(G. L. Smith) G. L. Smith

Bryologist 95: 271. 1992 ,.

Etymology: Greek meio-, fewer, and trichos, hair, alluding to calyptra
Basionym: Polytrichastrum sect. Meiotrichum G. L. Smith Mem. New York Bot. Gard. 21(3): 40. 1971
Treatment appears in FNA Volume 27. Treatment on page 141. Mentioned on page 123, 124.

Plants robust, polytrichoid. Stems simple to freely branched. Leaves with a sheathing base and divergent blade; sheath entire, hyaline margined; limb firm, serrate-toothed to the sheath, broadly lamellate on the adaxial surface; lamellae entire in profile, the marginal cells with the free wall thickened, the cuticle longitudinally striate and pitted. Capsule ventricose, 4–6-angled; hypophysis rugose, with conspicuous stomata; exothecial cells with rounded to slit-like thin spots in the external wall; operculum hemispherical, with a stout, hooked beak; peristome present, leiodont, teeth 64, simple. Calyptra sparsely hairy. Spores papillose.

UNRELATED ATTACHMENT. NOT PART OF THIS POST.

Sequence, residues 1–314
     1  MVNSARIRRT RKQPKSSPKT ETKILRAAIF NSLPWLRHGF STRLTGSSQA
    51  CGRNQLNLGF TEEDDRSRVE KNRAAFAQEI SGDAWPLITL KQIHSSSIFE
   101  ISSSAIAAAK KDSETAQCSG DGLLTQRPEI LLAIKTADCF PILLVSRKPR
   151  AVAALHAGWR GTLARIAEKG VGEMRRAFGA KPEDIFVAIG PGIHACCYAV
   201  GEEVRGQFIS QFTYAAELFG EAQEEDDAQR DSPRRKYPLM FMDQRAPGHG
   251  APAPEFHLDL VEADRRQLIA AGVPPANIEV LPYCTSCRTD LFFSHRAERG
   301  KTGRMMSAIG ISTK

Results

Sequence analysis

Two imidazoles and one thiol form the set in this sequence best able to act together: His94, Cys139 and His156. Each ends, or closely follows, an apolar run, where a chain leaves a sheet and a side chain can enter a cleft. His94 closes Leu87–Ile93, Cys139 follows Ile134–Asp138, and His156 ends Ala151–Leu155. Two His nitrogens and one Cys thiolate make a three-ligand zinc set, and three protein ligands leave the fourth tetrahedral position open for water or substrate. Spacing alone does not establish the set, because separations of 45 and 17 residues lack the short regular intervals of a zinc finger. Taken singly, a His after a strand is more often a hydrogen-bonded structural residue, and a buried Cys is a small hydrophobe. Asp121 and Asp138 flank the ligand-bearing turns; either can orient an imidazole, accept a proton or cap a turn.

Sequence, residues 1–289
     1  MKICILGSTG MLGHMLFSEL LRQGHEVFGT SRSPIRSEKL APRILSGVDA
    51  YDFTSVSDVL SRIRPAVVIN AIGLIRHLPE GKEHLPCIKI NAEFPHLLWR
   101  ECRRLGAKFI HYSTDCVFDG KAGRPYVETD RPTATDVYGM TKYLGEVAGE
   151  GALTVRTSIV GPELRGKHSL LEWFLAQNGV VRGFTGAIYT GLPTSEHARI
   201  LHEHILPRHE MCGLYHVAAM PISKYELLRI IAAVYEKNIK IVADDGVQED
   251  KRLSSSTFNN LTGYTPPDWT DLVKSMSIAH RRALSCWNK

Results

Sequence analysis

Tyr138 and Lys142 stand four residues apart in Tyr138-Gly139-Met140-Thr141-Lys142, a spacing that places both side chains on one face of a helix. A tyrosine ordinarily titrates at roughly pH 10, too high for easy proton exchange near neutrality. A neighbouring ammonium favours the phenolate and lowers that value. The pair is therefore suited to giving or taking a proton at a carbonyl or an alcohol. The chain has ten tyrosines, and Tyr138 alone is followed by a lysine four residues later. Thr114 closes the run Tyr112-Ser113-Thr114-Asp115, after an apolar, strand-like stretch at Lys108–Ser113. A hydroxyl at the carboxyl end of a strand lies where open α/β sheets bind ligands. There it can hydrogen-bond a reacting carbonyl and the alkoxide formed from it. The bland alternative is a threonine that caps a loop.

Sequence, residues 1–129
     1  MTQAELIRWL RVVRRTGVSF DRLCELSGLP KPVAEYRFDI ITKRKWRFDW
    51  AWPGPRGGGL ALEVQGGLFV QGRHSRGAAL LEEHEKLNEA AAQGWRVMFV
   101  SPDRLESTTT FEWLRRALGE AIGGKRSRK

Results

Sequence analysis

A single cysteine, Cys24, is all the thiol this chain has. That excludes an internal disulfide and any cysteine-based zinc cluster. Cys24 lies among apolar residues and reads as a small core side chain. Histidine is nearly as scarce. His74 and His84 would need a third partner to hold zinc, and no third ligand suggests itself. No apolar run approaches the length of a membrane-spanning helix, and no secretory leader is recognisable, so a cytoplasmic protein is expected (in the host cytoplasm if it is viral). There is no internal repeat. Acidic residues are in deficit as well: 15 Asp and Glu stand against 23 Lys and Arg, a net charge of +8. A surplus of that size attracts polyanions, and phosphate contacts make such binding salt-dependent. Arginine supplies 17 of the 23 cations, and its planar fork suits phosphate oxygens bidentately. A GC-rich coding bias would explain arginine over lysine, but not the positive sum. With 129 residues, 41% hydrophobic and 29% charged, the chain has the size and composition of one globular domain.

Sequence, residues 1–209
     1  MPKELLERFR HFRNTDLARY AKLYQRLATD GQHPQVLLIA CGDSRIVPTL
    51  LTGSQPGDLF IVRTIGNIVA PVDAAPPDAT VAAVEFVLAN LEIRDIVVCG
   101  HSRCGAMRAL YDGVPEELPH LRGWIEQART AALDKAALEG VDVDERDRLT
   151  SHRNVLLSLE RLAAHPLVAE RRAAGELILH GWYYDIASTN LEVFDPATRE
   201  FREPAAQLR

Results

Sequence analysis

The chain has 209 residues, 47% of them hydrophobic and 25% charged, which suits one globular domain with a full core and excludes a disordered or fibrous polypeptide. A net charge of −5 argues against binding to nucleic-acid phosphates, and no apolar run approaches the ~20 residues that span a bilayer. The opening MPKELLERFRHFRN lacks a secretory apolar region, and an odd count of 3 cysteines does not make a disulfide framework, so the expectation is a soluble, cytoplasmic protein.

w North America.


Species 1.

Meiotrichum was originally placed in Polytrichadelphus (Müller Hal.) Mitten (not present in our area) because of the fastigiate habit and sparsely hairy calyptra. All Polytrichadelphus species have lamellae which are crenulate in profile, the marginal cells smooth and flask-shaped in section, a dorsiventral capsule with two sharp angles, and multiple stomata dispersed over the exothecium, none of which occurs in Meiotrichum.

Selected References